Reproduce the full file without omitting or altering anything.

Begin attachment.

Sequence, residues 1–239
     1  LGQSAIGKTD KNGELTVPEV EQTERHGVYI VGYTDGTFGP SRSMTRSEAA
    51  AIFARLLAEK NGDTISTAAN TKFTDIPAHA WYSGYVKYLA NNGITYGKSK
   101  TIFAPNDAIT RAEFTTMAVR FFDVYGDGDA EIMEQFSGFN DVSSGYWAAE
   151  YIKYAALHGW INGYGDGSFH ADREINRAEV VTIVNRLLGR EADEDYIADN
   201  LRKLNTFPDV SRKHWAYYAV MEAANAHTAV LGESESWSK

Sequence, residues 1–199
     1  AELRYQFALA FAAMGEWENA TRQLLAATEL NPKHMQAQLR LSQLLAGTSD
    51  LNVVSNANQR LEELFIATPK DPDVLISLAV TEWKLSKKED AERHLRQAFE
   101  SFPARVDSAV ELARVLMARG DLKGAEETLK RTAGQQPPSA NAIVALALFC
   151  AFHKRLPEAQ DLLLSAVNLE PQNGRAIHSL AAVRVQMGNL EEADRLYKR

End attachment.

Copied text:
Sequence, residues 1–239
     1  LGQSAIGKTD KNGELTVPEV EQTERHGVYI VGYTDGTFGP SRSMTRSEAA
    51  AIFARLLAEK NGDTISTAAN TKFTDIPAHA WYSGYVKYLA NNGITYGKSK
   101  TIFAPNDAIT RAEFTTMAVR FFDVYGDGDA EIMEQFSGFN DVSSGYWAAE
   151  YIKYAALHGW INGYGDGSFH ADREINRAEV VTIVNRLLGR EADEDYIADN
   201  LRKLNTFPDV SRKHWAYYAV MEAANAHTAV LGESESWSK

Sequence, residues 1–199
     1  AELRYQFALA FAAMGEWENA TRQLLAATEL NPKHMQAQLR LSQLLAGTSD
    51  LNVVSNANQR LEELFIATPK DPDVLISLAV TEWKLSKKED AERHLRQAFE
   101  SFPARVDSAV ELARVLMARG DLKGAEETLK RTAGQQPPSA NAIVALALFC
   151  AFHKRLPEAQ DLLLSAVNLE PQNGRAIHSL AAVRVQMGNL EEADRLYKR